Once, my parents had been the greatest practitioners of seidr in all of Scandinavia. My father had died in battle, taking what he knew with him. My mother… The sting of her loss was still too fresh. I could not bear to think of it. Yet, their legacy called to me. It tugged at something deep within me, pulling me toward Skagen, where I sensed I would find answers to a question I didn’t know how to ask.

Reading the expression on my face, Eyfura said, “Ah, Ervie. I hope you find what you’re looking for in Skagen, my friend.”

“As do I.”

“As it is, I am jealous of you.”

“What? You want to come to battle?”

“Want? Yes. Of course I do. But I would be of little use. Instead, I will stay here and be a disappointment to my mother.”

I turned and looked at Eyfura. “You could never be a disappointment to anyone. There is no one with more talented healing hands than you. Your skills match the priestesses of the temple to the dísir in Grund.”

“That is no weak compliment,” she said. “I thank you for it. But still, Kára was a great shield-maiden, and I could not properly wield a sword if my life depended on it.”

“Your mother does not begrudge you for it. Do not chide yourself.”

“Kára is too kind to ever speak poorly of me, but when Gizer sails out in the morning, her eyes will be haunted.”

“For herself, because she is not joining us. Not because of you.”

Eyfura shrugged.

“You are too hard on yourself.”

Eyfura laughed. “So says you, who has traveled half the world away from her home because she is being hard on herself.”

“What home? My father’s jarldom…burned. My mother’s birthright…burned. I have no home.”

“Aye, Ervie,” Eyfura said but added nothing more. She knew my story. I lamented the legacy lost to me in the wars of the previous generation. All that should have been mine was gone. It was a wound that ran deep.

“Eyfura,” Gizer called to his daughter, waving for her to join him.

“The king calls,” Eyfura told me with a good-natured grin. “I made some healing salves for you and my brothers, not that I think you will need them. All the same, I had the maids pack them with your things.”

“Thank you.”

“Of course, Reindeer Princess. My beauty is useless, but at least my healing hands count for something,” she said with a wink then left me.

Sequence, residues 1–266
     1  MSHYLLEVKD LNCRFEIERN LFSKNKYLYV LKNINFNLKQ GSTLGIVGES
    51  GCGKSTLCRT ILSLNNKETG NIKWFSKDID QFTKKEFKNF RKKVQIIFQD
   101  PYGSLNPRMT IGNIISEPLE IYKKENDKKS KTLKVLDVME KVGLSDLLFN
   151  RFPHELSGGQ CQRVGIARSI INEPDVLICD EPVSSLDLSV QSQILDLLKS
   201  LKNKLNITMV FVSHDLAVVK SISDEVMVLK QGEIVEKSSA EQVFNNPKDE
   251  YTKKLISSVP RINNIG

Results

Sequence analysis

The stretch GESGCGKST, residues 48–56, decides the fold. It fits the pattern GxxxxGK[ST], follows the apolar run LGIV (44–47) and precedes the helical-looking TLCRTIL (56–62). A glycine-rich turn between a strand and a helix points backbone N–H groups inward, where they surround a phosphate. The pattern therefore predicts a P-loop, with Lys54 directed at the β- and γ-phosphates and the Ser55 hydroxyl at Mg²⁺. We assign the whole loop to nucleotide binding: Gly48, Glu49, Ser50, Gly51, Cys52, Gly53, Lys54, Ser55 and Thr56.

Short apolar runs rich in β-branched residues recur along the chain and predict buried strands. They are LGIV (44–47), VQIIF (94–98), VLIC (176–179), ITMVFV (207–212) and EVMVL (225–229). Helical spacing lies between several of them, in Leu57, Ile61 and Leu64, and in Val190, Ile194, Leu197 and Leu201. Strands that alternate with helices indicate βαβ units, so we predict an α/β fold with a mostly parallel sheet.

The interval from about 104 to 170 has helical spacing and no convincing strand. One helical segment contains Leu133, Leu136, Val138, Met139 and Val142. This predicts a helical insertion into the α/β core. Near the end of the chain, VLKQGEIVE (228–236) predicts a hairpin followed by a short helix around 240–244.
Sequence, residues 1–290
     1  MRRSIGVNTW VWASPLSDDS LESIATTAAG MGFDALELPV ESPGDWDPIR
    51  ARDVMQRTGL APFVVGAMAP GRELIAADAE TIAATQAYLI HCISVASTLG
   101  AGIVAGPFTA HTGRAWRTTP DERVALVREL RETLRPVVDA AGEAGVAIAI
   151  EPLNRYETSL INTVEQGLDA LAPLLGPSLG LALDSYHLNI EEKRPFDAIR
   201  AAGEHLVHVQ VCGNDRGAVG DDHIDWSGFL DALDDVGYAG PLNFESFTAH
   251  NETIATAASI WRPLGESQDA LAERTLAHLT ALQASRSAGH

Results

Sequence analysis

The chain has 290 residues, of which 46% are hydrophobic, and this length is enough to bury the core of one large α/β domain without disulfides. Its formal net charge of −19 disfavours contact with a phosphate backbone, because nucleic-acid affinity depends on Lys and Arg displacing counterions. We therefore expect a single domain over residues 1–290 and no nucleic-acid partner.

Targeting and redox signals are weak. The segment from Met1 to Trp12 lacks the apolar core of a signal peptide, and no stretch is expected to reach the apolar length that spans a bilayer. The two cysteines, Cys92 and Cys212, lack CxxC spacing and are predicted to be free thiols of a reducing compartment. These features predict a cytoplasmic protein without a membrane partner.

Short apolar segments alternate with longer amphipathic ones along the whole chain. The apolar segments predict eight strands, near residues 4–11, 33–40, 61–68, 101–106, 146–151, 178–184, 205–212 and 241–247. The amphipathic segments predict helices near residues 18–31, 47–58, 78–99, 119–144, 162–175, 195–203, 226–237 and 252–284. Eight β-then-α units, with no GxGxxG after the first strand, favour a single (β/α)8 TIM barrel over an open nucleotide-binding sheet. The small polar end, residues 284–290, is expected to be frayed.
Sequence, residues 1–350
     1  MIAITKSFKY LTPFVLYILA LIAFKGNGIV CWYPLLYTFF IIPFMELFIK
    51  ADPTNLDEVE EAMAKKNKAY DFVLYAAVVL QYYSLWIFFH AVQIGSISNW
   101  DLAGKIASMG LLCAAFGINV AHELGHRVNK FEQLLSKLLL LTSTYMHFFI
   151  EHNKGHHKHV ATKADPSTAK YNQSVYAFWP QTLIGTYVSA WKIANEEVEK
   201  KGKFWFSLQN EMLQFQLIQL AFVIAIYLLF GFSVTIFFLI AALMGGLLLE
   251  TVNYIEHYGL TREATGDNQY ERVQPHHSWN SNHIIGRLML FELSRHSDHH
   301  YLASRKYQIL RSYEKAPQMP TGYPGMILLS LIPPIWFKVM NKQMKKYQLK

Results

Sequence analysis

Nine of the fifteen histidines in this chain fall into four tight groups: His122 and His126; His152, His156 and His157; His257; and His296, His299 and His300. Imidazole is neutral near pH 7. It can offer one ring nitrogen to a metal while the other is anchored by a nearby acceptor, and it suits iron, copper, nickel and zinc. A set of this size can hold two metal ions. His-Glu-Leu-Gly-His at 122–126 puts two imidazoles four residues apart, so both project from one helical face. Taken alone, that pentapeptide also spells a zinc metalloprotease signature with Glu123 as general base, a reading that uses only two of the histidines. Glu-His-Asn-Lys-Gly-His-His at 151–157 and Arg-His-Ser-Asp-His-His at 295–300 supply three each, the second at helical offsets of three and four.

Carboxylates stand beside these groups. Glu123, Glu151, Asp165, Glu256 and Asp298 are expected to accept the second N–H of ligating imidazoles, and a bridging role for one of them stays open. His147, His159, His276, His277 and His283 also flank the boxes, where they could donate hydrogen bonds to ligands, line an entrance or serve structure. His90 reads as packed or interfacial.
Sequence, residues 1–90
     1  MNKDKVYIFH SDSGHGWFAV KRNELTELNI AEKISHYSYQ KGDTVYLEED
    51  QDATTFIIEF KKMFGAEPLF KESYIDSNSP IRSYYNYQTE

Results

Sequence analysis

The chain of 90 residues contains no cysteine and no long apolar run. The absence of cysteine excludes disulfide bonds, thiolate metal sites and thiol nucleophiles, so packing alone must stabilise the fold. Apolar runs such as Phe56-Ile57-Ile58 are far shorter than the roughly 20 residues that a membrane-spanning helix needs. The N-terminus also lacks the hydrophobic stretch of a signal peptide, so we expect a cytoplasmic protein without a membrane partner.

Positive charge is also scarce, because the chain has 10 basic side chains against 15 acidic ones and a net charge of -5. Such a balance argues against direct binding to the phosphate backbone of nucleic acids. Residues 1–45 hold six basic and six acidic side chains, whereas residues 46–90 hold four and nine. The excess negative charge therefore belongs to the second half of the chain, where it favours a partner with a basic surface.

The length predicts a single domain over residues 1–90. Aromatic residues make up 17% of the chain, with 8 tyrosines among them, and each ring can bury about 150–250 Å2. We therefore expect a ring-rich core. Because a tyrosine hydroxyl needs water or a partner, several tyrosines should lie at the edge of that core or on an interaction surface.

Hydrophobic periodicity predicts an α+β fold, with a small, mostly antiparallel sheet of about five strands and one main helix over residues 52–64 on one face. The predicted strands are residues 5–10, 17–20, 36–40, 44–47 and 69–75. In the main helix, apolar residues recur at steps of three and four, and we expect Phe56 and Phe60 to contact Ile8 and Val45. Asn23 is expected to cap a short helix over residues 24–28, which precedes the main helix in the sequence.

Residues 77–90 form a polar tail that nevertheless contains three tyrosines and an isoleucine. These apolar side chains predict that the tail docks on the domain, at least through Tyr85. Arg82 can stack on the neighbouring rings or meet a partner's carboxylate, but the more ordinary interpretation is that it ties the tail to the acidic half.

I shook my head, then scanned the room once more.

Dag, one of Gizer’s sons, caught my gaze. He motioned for me to join him and the other brothers, but I shook my head. Swigging the last of my ale, I went outside.

It was late in the evening. King Gizer’s forest city was quiet. All the revelry was happening in the hall. I wandered down a path to one of the small footbridges over a stream, then sat down, dangling my legs over the side. The moon overhead reflected its silvery light on the black water. The creek babbled as it rolled over the rocks on its path to the sea and beyond.

Like the water, I would join the tossing sea in the morning.

For years, I had been wandering aimlessly, hoping that I would find something to fill the endless ache and emptiness inside me. King Hofund had done everything he could to make Grund my home, but the aching sense of loss—of my parents, of my home, of the wisdom my mother and father once carried—wounded me in a way I could not recover from. I had found nothing to heal the pain.

But of late, I had felt the shadow of something new coming.

Downstream, movement caught my eye. The ferns at the side of the stream shifted.

I stilled and watched.

A fox appeared. The creature stepped on silent feet onto a mossy rock at the side of the stream. Dipping his head down, he drank, then turned and looked up at me. In the light of the moon, his eyes shimmered.

I sat perfectly still, my gaze on the creature’s. After a long moment, the fox yipped, then turned and disappeared into the underbrush, vanishing from sight.

Pulling my mead flask from my vest, I took a drink then poured a little liquid into the water.

“For you vætts of this land and stream. Bless my journey tomorrow,” I said, then rose.

In the distance, the fox barked once more, its voice sounding like a warning scream.